< < <
Date Index
> > >
WS theory - an outsiders view
by Clint Ballinger
06 April 2002 19:48 UTC
< < <
Thread Index
> > >
Dear WSN:

I happened to be reading a review of
"Nonzero : The Logic of Human Destiny (Vintage)"   by
Robert Wright on Amazon and ran across the paragraph
below. It seems to hold a lot of truth.

"Nonzero is another of the recent works that
approaches meta-history using large amounts
anthropology, sociology and science. The large scale
view of history (meta-history on a Toynbee scale) has
been somewhat abandoned by historians in the last two
generations. The few schools that have adopted such
approaches, such as World-Systems, seem to have an
academic and political axe to grind winding up as
intellectual cul-de-sacs rather than pathbreaking
theories."

For a group of scholars who nominally want to look at
the "big picture" more than others there seems to be
an inordinate amount of bickering in WS theory over
minutiae of definitions and such compared to actual
research. 
There is an interesting parallel in another heterodox
academic area, Austrian economics. I disagree
strongly, as I imagine many WS analysts likewise do,
with much of the mathematical and narrow econometric
approach of mainstream economics. In researching this
I attempted to find the best critiques of the overuse
of mathematics in economics, and "Austrians" are of
course noted for this. I disagree with most "Austrian"
analysis, but do find important aspects of their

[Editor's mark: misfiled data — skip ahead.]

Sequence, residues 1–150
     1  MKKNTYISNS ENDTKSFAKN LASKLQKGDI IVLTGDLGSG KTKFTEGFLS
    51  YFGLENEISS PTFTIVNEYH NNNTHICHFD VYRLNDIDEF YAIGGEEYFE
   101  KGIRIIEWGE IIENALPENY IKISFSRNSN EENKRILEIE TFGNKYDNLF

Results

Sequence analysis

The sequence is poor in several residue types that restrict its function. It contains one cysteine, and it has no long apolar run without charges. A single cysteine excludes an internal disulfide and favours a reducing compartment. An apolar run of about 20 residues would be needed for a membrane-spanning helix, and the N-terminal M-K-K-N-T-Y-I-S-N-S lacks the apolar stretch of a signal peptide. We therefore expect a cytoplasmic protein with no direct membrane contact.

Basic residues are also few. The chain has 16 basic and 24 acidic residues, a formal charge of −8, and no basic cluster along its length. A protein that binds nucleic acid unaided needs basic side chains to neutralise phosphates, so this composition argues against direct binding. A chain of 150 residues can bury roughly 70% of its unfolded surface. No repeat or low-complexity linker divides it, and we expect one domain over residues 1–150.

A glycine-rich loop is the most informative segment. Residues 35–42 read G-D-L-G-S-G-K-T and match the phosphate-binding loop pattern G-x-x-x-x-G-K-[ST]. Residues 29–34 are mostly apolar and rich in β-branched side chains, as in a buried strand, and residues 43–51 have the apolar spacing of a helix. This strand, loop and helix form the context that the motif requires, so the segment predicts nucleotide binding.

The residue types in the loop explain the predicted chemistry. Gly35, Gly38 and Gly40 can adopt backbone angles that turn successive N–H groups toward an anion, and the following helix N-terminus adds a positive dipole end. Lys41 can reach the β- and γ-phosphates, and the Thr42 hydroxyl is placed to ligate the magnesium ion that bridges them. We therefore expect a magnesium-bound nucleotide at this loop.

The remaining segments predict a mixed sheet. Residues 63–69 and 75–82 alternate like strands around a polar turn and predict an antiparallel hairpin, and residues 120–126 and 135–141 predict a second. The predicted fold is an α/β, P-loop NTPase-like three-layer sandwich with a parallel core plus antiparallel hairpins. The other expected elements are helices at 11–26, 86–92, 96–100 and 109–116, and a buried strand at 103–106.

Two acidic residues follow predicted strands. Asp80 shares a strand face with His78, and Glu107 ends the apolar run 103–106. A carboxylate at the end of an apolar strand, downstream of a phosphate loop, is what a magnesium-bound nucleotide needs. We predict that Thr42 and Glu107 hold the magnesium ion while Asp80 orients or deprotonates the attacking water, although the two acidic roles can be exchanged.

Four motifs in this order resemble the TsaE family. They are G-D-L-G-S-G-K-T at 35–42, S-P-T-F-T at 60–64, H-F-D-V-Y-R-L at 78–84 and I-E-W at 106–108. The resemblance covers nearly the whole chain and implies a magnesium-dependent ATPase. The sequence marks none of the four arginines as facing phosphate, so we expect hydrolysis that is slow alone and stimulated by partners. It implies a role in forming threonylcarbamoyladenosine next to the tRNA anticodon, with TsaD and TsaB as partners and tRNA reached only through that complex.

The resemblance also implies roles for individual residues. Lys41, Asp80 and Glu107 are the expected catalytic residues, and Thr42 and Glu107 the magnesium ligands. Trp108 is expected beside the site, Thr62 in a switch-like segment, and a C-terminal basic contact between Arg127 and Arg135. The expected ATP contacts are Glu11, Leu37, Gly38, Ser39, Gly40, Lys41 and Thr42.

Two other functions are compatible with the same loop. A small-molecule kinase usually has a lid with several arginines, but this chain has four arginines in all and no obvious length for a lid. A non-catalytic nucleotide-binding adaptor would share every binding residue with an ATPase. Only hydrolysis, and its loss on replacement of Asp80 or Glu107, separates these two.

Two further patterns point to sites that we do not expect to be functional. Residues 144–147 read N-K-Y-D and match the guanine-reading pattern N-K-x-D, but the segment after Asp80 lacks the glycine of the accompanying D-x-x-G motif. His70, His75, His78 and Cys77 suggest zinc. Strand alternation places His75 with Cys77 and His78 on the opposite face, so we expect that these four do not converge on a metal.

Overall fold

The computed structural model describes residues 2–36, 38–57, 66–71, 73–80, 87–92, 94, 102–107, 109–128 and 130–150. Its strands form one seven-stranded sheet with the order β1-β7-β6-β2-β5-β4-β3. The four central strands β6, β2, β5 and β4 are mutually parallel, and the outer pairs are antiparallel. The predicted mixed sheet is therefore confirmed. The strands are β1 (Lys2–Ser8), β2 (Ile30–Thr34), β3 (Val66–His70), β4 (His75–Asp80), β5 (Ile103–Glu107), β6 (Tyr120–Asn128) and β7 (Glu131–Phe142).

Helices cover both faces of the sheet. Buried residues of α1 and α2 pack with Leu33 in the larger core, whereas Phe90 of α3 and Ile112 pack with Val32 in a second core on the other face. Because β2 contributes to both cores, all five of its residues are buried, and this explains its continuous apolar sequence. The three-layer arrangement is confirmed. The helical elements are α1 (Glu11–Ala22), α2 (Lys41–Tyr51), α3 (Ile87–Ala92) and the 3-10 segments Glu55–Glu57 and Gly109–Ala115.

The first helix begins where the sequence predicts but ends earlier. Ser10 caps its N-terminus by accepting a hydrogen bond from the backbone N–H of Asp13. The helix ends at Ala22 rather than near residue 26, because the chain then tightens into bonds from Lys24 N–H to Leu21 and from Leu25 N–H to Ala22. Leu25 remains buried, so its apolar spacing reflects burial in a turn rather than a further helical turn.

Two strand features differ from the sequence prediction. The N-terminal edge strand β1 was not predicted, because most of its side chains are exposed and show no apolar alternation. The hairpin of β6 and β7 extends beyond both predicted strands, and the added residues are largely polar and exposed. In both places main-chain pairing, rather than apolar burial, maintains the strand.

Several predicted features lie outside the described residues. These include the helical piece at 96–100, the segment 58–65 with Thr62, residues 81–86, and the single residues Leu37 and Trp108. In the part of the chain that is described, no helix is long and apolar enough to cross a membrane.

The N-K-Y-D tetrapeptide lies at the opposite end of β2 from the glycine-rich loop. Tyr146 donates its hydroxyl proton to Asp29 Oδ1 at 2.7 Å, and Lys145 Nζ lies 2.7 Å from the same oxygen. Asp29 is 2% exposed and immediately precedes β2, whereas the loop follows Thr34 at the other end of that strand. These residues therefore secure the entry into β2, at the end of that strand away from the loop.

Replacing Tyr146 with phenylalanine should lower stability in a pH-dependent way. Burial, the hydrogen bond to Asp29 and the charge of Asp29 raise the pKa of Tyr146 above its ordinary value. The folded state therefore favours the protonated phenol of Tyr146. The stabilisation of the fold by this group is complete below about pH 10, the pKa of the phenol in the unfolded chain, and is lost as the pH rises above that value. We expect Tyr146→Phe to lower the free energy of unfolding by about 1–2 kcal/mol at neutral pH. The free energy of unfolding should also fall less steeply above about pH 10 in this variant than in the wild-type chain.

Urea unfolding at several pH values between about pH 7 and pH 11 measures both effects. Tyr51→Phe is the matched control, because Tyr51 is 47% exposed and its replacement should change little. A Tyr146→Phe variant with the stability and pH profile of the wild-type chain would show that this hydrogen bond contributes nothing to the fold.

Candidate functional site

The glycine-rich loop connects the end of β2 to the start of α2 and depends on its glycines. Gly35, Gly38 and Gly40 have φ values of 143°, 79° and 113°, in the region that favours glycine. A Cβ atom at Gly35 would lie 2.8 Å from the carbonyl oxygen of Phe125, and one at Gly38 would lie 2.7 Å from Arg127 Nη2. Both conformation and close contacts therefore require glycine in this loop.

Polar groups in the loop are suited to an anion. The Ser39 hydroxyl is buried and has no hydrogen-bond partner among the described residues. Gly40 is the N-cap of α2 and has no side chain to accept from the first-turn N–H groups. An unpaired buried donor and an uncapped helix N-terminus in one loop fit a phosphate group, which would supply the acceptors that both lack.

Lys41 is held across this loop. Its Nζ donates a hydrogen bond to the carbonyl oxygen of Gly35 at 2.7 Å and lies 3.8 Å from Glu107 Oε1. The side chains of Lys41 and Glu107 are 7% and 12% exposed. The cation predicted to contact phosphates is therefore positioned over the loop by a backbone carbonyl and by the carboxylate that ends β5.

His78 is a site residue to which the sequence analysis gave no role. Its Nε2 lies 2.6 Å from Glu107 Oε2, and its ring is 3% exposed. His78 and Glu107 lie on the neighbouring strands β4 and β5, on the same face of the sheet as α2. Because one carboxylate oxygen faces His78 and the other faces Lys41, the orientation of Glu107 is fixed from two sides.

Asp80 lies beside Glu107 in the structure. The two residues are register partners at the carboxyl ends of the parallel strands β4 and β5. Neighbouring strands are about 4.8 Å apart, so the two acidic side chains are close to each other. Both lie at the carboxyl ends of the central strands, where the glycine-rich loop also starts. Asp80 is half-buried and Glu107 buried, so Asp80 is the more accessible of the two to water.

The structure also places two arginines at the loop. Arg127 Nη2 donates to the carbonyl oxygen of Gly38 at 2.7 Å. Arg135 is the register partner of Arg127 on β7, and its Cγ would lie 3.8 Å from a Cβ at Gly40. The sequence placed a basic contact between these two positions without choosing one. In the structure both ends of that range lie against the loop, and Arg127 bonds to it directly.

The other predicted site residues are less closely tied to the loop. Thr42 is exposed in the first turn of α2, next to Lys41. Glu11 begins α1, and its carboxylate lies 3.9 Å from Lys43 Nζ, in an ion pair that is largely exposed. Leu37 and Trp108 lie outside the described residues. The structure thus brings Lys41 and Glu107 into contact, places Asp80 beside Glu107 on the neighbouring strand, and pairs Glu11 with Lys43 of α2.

anti-math critiques useful. As an aside, I would
HIGHLY recommend an excellent article that sums up
most of these points called "Why I Am Not an Austrian
Economist"   by  Bryan Caplan, an unusually lucid
economics writer of the "Virginia School" of public
choice analysis
 (  at    
http://gopher.gmu.edu/departments/economics/bcaplan/whyaust.htm)

This article gives a wonderfully clear overview of
both neoclassical (which alone makes the article
worthwhile) and Austrian economics. Likewise, Caplan,
towards the end of the article, gives a brief but
devastating critique of the overuse of math in
economics (his "ten most useful ideas in economics"
argument- check it out- it is good, and interesting,
because Caplan is a Princeton trained expert in the
use of mathematics in economics). 
At any rate, what made me think of Caplan's article in
relationship to WS is his paraphrasing of Deng
Xiaoping, "One should not talk of methodology every
day. In real life, not everything is methodology." He
says this because Austrians became known for constant
bickering over minutiae of methodology. WS seems to
have fallen into a similar trap.

There is also a famous quote about Austrian economics
by Milton Friedman who said  that "there is no
Austrian economics - only good economics, and bad
economics." Caplan adds to this that "Austrians do
some good economics, but most good economics is not
Austrian."  Might this not apply to WS theory? There
is no world systems macro-history, only good
macro-history and bad macro-history. World systems
theorists do some good macro-history, but most good
macro-history is not world systems macro-history. 

This is my view from the outside.

Sincerely,
Clint Ballinger
Dallas, Texas



PS A nice review of recent macro-histories is: 
Stokes, Gale (2001) "Why the West? The Unsettled
Question of Europe's Ascendancy," Linguafranca vol. 11
no. 8
http://www.linguafranca.com/print/0111/cover.html ;
version of "The Fates of Human Societies: A Review of
Recent Macro-histories," in The American Historical
Review 106, no. 2 (April 2001): 508525.

I believe "Louis Proyect"  project posted the
Linguafranca article here several months ago, but it
is worth mentioning again. 





__________________________________________________
Do You Yahoo!?
Yahoo! Tax Center - online filing with TurboTax
http://taxes.yahoo.com/

< < <
Date Index
> > >
World Systems Network List Archives
at CSF
Subscribe to World Systems Network < < <
Thread Index
> > >